Systems Genetics at the Steinmetz Lab
One of the most daunting obstacles in biomedicine is the complex nature of most phenotypes (including cancer, diabetes, heart disease and some forms of rare disease) due to interactions between multiple genetic variants and environmental influences. A central challenge is to understand how genetic (e.g. SNPs and indels) and environmental (e.g. drug) perturbations affect health, wellness and disease. Our research is directed at understanding such complex traits; to do so, we develop novel genomic approaches to investigate the molecular processes that link genotype to phenotype, identify the causal underlying factors, and quantify their contributions. We investigate inter-individual variation at the level of the genome, transcriptome, and proteome, which we integrate with higher-level phenotypes. We also use the resulting molecular networks to predict and evaluate intervention points that enable modulation of phenotype.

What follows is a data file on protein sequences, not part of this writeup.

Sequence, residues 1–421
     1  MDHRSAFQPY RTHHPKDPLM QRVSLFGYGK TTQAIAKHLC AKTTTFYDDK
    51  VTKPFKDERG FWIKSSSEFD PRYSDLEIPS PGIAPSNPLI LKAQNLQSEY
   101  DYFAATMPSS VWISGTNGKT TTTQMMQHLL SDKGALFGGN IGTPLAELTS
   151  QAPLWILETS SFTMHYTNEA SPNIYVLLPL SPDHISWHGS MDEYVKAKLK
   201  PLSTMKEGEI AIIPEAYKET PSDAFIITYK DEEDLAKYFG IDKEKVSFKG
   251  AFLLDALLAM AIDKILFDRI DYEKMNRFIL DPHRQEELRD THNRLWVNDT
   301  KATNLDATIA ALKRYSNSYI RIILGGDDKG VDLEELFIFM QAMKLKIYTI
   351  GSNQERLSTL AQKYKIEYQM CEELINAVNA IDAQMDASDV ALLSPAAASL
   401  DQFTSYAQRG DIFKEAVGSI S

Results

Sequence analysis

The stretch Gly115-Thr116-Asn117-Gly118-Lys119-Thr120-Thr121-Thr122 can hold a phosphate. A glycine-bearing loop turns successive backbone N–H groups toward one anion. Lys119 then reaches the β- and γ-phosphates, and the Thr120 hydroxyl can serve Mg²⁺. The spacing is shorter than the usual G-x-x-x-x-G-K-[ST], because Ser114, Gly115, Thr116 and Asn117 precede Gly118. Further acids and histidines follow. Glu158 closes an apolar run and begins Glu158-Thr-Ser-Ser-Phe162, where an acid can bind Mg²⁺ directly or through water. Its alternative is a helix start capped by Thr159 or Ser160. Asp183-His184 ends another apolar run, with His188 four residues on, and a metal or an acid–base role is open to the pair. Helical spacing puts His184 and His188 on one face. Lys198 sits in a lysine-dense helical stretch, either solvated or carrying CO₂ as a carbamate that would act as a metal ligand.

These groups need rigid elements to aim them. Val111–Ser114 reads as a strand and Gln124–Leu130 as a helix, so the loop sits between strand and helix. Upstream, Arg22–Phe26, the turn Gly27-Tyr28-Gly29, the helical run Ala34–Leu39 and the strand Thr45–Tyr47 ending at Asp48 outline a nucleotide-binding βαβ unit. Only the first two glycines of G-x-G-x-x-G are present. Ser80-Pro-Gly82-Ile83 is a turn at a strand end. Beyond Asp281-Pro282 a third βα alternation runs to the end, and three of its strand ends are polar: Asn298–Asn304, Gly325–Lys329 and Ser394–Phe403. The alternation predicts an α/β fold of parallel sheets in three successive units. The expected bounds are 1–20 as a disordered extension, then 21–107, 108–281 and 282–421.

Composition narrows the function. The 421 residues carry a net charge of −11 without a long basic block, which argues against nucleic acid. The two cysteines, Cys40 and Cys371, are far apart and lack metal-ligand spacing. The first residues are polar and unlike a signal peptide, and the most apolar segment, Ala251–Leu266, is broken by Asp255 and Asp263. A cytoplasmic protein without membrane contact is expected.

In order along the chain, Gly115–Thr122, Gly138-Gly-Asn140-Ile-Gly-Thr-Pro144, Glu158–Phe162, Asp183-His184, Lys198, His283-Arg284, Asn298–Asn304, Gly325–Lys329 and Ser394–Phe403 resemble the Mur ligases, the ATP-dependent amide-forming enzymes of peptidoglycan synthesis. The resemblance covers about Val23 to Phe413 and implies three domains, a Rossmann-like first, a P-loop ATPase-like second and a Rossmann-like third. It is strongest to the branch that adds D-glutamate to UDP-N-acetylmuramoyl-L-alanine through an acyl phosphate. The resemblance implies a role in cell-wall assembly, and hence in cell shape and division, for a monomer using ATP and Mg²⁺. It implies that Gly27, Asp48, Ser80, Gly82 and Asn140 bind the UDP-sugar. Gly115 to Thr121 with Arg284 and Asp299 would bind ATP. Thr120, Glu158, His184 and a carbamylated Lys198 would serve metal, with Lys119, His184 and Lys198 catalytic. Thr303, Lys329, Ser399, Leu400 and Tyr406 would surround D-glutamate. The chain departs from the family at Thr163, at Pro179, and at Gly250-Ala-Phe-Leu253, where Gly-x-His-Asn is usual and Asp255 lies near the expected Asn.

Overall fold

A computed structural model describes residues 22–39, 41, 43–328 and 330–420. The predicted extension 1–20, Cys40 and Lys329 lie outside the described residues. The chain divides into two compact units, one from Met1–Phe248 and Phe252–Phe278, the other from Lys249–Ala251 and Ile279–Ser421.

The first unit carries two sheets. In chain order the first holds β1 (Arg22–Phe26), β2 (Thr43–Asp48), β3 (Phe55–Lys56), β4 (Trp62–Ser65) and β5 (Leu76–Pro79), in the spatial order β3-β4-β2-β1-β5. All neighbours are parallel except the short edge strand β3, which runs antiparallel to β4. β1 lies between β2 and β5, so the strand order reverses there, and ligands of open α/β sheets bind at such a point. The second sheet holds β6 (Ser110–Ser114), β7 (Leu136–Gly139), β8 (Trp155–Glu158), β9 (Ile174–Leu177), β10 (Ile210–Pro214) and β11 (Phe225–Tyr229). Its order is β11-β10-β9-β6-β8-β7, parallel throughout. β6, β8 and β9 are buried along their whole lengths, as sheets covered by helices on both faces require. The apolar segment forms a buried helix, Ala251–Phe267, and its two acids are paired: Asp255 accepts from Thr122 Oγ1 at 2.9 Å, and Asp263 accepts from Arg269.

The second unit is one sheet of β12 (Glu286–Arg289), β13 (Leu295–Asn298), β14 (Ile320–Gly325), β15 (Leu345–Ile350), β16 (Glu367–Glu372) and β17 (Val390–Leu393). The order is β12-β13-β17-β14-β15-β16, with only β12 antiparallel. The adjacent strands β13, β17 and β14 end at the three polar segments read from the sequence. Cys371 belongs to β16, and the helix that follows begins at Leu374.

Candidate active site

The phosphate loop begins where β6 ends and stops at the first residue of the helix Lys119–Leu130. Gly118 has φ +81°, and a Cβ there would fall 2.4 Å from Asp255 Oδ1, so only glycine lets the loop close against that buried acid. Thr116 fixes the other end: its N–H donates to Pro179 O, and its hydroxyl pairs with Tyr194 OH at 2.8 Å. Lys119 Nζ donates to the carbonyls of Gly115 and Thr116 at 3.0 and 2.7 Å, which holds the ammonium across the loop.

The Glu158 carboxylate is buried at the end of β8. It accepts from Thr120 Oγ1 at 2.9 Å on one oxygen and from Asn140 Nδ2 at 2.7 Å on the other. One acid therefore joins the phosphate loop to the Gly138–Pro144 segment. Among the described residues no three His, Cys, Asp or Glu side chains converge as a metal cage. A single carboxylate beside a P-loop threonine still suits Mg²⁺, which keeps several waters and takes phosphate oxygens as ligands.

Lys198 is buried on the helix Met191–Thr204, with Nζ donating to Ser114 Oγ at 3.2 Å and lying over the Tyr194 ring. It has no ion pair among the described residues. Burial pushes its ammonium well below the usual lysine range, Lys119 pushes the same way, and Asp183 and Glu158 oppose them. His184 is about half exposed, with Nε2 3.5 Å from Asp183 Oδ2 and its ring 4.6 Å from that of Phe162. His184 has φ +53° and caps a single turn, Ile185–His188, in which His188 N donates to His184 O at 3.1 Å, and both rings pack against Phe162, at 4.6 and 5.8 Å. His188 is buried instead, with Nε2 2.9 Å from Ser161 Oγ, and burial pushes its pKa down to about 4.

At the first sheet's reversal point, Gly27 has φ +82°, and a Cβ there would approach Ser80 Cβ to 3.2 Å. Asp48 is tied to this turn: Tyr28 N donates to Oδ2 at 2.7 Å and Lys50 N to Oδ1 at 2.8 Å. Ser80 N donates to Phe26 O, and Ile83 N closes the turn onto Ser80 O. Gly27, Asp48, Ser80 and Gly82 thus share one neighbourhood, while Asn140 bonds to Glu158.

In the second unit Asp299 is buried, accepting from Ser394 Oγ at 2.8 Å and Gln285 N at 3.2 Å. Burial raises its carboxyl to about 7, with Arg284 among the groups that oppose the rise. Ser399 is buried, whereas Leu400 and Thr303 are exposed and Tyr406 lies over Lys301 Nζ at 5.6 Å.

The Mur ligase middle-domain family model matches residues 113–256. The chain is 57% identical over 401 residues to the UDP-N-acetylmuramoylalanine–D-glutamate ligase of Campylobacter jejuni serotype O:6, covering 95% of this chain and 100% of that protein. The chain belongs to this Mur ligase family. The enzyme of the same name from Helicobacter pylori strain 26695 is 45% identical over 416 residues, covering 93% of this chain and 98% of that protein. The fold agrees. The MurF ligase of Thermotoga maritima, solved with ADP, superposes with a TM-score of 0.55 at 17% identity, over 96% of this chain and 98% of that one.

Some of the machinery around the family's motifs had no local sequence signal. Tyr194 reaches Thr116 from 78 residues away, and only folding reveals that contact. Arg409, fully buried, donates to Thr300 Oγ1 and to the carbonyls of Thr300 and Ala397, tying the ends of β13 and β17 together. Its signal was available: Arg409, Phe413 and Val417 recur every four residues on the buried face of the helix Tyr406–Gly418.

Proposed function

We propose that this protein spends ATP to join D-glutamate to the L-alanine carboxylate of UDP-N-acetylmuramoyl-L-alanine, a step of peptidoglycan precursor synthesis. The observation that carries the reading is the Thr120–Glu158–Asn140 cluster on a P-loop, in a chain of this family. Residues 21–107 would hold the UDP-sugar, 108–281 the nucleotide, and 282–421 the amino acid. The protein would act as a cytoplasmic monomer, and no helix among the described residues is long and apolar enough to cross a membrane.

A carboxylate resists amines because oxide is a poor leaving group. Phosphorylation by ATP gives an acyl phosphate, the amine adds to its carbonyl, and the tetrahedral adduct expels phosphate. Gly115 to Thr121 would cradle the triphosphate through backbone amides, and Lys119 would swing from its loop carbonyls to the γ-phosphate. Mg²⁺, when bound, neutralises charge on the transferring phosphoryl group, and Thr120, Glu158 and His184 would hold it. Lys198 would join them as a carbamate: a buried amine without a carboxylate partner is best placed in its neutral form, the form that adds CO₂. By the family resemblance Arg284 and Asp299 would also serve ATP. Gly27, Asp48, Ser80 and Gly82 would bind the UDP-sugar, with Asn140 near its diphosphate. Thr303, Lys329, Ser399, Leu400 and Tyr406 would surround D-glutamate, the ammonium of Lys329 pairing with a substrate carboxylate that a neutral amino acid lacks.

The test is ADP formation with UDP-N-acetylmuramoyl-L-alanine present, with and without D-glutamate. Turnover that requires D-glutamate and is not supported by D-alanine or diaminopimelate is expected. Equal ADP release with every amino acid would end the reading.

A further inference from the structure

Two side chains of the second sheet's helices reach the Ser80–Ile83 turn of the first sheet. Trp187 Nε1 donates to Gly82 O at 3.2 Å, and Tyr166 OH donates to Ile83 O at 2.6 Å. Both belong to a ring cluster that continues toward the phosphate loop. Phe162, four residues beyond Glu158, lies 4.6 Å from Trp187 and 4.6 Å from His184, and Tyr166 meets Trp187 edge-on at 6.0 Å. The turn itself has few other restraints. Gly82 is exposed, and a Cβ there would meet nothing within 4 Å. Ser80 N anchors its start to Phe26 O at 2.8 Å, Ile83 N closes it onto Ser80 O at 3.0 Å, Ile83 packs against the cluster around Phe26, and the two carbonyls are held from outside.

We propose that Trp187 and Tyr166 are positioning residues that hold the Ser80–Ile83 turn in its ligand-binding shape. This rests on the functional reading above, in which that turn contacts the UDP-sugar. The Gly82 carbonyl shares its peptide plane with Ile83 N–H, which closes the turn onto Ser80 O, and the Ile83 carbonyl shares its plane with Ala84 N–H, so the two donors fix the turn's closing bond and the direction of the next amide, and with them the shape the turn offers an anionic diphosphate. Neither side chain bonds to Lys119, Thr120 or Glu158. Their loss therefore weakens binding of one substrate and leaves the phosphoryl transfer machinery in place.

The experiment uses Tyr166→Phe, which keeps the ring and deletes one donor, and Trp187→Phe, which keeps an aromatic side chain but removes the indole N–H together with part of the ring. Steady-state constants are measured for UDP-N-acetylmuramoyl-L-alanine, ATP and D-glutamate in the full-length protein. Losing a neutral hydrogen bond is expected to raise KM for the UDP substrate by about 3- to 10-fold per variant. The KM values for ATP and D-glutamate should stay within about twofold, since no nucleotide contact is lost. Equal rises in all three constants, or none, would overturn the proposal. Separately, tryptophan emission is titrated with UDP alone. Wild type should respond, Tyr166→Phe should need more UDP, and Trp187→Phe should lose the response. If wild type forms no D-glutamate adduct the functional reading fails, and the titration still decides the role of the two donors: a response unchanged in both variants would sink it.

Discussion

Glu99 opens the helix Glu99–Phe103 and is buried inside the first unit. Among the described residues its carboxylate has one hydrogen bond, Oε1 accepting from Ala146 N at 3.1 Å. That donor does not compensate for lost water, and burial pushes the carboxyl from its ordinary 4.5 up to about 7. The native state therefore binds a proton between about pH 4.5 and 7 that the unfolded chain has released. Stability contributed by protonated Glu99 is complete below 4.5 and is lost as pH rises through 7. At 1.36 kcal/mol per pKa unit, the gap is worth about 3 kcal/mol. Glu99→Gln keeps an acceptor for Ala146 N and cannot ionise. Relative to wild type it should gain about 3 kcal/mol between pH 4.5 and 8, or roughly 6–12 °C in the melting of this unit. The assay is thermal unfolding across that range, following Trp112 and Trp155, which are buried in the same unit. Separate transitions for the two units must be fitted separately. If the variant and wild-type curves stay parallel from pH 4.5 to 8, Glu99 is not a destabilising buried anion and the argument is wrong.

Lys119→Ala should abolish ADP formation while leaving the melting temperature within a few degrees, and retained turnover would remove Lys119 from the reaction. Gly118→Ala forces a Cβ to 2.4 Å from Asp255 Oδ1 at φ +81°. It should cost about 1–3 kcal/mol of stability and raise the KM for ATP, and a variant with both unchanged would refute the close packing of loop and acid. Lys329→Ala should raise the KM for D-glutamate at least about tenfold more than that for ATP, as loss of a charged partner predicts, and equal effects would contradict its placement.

We place a strong emphasis on the development of new technologies, leveraging the Stanford Genome Technology Center’s strengths in this area. Some engineering applications we aim to develop include novel biosensors for detection of minute quantities of biological material, and single-cell approaches to investigate genome and transcriptome complexity. Through developing such technologies, we will work with the Center to reduce the cost and increase the accuracy and throughput of biomedical research and health care. Ultimately, we strive to develop approaches that will enable personalized, preventative medicine.
A description of our current projects can be found here.
Pictures: Copyright EMBL, Credits Petra Riedinger, 1. EMBL Conference Omics and Personalized Health